The Basic Concepts of Law


Law is a body of rules that govern human behavior and are enforceable by governmental and social institutions. Although the exact nature of law is a matter of controversy, it is often described as an art of justice or a science. This article will discuss some of the fundamental concepts of law. The article also discusses the principles that govern law and the Rule of law.

Principles of the inner morality of law

Fuller developed eight principles of the inner morality of law, and his ideas have since become important contributions to rule of law theory and legal philosophy. His claim precipitated the ‘natural law versus legal positivism’ debate. Despite its controversial origins, Fuller’s thinking is worth revisiting.

According to Thomas Aquinas, the legal system is founded on the natural law. As such, a law may not be justifiable unless it follows the natural law. Moreover, an unjust law is no law at all.

Legal statutes

Legal statutes are written pieces of law that are enacted by a legislature. This type of law is distinct from customary law, oral law, and regulatory laws promulgated by the executive branch. Statutes can be created by national legislatures, state legislatures, and local municipalities. They are essential to governing our society, because they provide the framework for our rights and responsibilities as citizens.

There are many resources to assist you in your research on legal statutes. Some are free and available online; others require a subscription. Most are also searchable and have annotated code. Online annotated codes can be helpful when looking for a specific statute, because they make it easier to locate related statutory provisions. Many services also provide annotations of non-statutory material.

Rule of law

The concept of the Rule of Law has undergone many changes throughout the centuries. Philosophers have sought to define what the Rule of Law is and what it means to a society. In medieval times, theorists sought to distinguish between lawful and despotic forms of kingship. The arguments about the Rule of Law persisted in the early modern period, during the European Enlightenment, and in American constitutionalism.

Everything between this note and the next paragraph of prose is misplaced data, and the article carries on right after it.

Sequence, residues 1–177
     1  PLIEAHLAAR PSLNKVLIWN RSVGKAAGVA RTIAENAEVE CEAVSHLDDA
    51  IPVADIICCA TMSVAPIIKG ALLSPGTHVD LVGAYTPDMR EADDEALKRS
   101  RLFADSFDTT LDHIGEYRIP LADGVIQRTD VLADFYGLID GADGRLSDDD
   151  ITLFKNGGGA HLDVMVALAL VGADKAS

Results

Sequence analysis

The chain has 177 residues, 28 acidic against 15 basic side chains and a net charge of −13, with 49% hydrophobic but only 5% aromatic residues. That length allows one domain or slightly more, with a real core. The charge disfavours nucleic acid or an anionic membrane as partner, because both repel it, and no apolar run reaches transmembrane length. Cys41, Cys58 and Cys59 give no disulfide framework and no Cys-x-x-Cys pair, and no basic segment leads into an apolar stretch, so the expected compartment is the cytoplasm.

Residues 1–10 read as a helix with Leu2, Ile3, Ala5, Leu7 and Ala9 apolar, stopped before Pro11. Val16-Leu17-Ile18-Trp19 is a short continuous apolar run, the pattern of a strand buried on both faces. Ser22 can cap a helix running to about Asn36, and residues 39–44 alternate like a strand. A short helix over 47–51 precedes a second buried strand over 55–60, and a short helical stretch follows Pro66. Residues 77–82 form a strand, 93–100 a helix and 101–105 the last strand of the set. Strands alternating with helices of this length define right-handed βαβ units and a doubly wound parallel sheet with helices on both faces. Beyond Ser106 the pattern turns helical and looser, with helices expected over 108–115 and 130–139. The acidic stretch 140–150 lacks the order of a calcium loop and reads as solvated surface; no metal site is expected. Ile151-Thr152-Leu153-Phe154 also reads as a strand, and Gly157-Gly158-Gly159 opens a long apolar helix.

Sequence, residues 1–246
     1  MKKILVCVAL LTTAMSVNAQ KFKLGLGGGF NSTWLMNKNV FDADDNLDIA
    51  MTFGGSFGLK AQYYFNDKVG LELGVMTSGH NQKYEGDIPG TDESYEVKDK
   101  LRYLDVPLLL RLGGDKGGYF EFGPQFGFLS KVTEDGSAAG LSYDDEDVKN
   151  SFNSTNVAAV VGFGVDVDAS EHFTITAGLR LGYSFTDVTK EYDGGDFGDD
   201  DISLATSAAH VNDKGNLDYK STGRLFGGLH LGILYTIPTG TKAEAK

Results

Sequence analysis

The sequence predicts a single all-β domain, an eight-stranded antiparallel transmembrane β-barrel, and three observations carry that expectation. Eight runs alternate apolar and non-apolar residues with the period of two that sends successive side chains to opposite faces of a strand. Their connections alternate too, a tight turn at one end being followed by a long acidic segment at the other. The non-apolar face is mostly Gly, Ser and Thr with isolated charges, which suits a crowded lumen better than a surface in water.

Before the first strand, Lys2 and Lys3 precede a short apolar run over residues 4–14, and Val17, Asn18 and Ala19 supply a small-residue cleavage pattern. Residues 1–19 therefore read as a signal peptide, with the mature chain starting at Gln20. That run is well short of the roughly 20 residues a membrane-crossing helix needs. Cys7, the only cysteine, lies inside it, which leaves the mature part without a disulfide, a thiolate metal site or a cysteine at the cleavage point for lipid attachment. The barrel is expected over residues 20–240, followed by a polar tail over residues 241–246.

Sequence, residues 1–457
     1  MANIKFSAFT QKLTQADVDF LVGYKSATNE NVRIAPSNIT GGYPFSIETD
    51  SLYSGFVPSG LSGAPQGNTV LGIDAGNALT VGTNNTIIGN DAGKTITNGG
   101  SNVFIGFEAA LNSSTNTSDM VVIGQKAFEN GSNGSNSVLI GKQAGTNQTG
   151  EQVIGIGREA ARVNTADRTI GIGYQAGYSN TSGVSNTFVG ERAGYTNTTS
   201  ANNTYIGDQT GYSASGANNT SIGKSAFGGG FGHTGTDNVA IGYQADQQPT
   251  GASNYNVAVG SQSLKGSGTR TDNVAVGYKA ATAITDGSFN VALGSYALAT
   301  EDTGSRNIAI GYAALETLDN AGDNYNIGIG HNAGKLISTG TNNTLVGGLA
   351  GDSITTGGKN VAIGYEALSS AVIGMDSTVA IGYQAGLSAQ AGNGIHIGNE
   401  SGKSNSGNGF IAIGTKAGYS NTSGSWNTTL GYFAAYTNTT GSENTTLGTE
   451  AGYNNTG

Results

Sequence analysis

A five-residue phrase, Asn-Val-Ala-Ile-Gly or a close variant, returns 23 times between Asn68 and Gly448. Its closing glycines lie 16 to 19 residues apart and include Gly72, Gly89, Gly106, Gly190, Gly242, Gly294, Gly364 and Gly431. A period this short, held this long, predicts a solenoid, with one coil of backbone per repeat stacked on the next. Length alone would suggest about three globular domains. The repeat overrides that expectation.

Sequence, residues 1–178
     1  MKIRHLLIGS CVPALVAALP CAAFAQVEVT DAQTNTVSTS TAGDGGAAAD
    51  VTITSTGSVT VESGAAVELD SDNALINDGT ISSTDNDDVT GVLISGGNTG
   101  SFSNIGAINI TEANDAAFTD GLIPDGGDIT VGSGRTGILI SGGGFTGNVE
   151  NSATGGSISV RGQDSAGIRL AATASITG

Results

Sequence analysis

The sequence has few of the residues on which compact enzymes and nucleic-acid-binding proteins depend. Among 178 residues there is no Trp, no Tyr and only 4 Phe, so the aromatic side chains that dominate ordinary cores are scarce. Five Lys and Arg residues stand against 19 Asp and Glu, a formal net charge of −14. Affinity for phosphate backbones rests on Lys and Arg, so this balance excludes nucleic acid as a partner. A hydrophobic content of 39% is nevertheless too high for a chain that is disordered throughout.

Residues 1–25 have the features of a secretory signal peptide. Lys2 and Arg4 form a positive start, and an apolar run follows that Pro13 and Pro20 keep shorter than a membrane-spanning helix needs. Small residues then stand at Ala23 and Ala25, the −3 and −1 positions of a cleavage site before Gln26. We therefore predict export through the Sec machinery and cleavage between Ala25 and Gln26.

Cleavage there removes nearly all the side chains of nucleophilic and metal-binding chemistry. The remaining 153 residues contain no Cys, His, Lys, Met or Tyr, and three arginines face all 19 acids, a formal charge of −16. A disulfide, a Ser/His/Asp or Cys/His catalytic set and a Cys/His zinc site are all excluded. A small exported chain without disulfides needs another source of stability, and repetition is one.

The Rule of Law is a formal principle that demands that people in positions of authority exercise their powers within public norms. In other words, the government should act within a legal framework and be held accountable through the law if it takes a bad course of action.

Civil law

Civil law is a legal system that originated in mainland Europe and was later adopted throughout much of the world. It is an intellectual system that originated from Roman law, and it serves as the primary source of law in many countries. The system has evolved over time, and is based on referable principles. The purpose of civil law is to provide the protection of individuals and property.

Civil law differs from common law in many ways. While it is based on the same principles, civil law has a more flexible system. It allows a judge to make a more informed decision on the merits of a case. In addition, civil law is flexible and adaptable.

International law

International law is an umbrella term for laws regulating relations between states and other entities in the world. This legal system was first formulated in 1860, by Theodore Woolsey. His basic concept is that nations are self-governing and cannot be imposed on them by an external human power. However, nations retain a duty to act in accordance with international law. This principle has since become the basis for public international law.

There are many different types of international law. Some of the most important ones are based on treaties. For example, there are several treaties that prohibit the use of cluster munitions and mines. There are also specific treaties pertaining to cultural property. A key feature of international law is that it is voluntary, and that power only exists when the parties agree to it.